Rav Hirsch explains that ordinarily, when “va-yichar” modifies the individual himself, this word refers to an emotional reaction of anger or frustration, whereas “va-yichar” used in reference to the eyes speaks of a mental process.  According to Rav Hirsch, when Yosef told his brothers, “Al yichar be-eineikhem,” he was saying, “I cannot prevent your feelings of regret and sorrow, for wrong is wrong, and your feelings are justified.  But your minds should temper even this consciousness by teaching you ‘to look at the deed with other eyes,’ as I have long ago come to look at it.”  Yosef told the brothers that their remorse and angst over the crime they committed were certainly understandable, and even in order, but from a rational perspective, they should approach the situation differently, recognizing that God wanted Yosef to be brought to Egypt in order to save the region from widespread and devastating hunger.
            As human beings, we are not always able, or expected, to control our emotions.  It is not realistic to seek to eliminate all negative feelings, such as animosity, jealousy, anger, frustration, resentment, insecurity or anxiety, and we will occasionally find ourselves experiencing these emotions in circumstances when they are not warranted or appropriate.  Rather than try in futility to avoid these feelings, we should, as Rav Hirsch explains Yosef’s plea to his brothers, accept our difficult emotions, but ensure not to allow them to cloud our understanding and lead us to act in an irrational or inappropriate manner.
            Kabbalistic teaching draws a curious association between the character of Yosef and that of Chanokh – Noach’s great-grandfather, about whom the Torah mysteriously says, “Chanokh followed God, but he was gone, because God took him” (Bereishit 5:24).  This association is found already in Tikkunei Zohar (70), which suggests a link between the Torah’s description of Yosef as a “na’ar” (“lad” – Bereishit 37:2) and the famous verse in Mishlei (22:6), “Chanokh la-na’ar al pi darko” (“Educate a youth according to his path”), alluding to a connection between the characters of Yosef and Chanokh.  The Arizal (Sha’ar Ha-gilgulim) asserted that Yosef had the soul of Chanokh, a concept elaborated upon by the mystical work Megaleh Amukot (by Rav Natan Neta Shapiro), in Parashat Vayeishev.  (Rav Pinchas Friedman discusses the connection between Yosef and Chanokh in Shevilei Pinchas, Parashat Vayeishev, 5772.)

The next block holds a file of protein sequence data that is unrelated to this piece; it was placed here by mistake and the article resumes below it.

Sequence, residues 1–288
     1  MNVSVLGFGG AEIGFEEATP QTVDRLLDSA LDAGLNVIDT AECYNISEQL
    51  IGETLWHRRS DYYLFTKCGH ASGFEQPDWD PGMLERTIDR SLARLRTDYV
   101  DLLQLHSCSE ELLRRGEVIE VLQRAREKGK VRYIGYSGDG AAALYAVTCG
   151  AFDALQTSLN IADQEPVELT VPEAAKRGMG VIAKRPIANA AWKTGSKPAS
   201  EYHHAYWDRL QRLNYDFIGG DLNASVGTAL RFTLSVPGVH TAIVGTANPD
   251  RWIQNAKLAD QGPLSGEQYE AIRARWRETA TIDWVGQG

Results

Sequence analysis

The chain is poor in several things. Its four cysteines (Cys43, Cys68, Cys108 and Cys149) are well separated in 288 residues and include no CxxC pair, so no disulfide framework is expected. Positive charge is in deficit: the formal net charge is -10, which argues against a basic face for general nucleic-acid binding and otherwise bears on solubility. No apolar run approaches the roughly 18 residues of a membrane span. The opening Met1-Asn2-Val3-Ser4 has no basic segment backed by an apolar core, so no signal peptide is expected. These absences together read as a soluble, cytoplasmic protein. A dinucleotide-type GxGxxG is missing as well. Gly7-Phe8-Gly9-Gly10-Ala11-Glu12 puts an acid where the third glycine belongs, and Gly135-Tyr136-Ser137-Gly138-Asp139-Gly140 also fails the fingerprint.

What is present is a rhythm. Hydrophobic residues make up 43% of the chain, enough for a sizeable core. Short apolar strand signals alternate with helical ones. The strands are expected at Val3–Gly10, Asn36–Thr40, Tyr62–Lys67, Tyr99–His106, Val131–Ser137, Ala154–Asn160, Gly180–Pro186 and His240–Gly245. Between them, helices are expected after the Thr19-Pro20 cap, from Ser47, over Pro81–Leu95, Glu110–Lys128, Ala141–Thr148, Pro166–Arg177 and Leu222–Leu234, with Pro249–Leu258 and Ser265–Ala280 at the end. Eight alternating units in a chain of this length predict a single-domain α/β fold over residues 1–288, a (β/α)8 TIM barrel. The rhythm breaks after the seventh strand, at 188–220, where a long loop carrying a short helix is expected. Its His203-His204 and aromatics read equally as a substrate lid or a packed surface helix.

The Midrash (cited by Rashi to 5:22) explains that Chanokh was a righteous individual whom God took from this world at a relatively young age, to protect him from the sinful influences of his time.  In Rashi’s words, “He was righteous and his mind would have easily resorted to evildoing.  The Almighty therefore quickly removed him [from this world] and had him die before his time.”  Chanokh’s piety was incompatible with the harsh realities of this world.  He was sincerely and genuinely righteous, but his piety could not survive exposure to evil.  Chanokh was capable of being righteous in seclusion, alone, protected from the complexities the world and the vices of other human beings.  But he could not be righteous while living and interacting with other people.
            And so the Kabbalists contrasted the piety of Chanokh with the piety of Yosef – who lived righteously, in steadfast devotion to his principles and values, while living and interacting with other people, even in the company of evil, and even as he led a major empire.  At the age of seventeen, Yosef was brought in chains to Egypt, a civilization depicted by the Sages as especially immoral, and he remained there for the rest of his life.  Yosef’s story is the opposite of Chanokh’s.  Not only was he not taken from the world to be protected from negative influences, he was placed right in the heart of an immoral society, where he excelled in every possible way, including morally and spiritually.  Chanokh’s piety was incapable of surviving the harsh realities of the world, whereas Yosef thrived by confronting the harsh realities of the world, following his morals and values under every circumstance and under all conditions, emerging as a respected and influential leader.
            The Kabbalistic teaching linking these two figures teaches us that we must strive for a level of devotion that is impervious to foreign influences, that is firm and unshakable, and thus not endangered by involvement in, and interaction with, other people.  We should not aspire merely to the piety of Chanokh – to religious devotion that can be sustained only in the safety of isolation – but rather to the piety of Yosef, to a level of confidence and conviction that does not necessitate the safety of isolation, and is instead strong and secure wherever and to whomever life takes us.
            We read in Parashat Vayigash of the dramatic moment when Yosef revealed his identity to his brothers, who did not consider for a moment that the Egyptian vizier who had accused them of spying, and demanded that they bring their youngest brother to him, was actually Yosef, the brother whom they had sold as a slave twenty years earlier.  Yosef said to his brothers, “I am your brother, Yosef, whom you had sold to Egypt” (45:4).
            Seforno explains that Yosef mentioned the event of his sale as his slave to prove to the brothers that he was Yosef.  The merchants who purchased Yosef, Seforno writes, did not know, and likely would never imagine, that the people selling them a slave were the slave’s brother.  They probably assumed that this transaction was like any other sale of a slave that was common in ancient times, and were not aware that this slave was an ordinary man cruelly betrayed by his brothers.  Therefore, Seforno explains, by identifying himself by name as both their brother, and the one they had sold as a slave, Yosef proved to his brothers that he was speaking the truth, because nobody else knew that he had been sold by his brothers.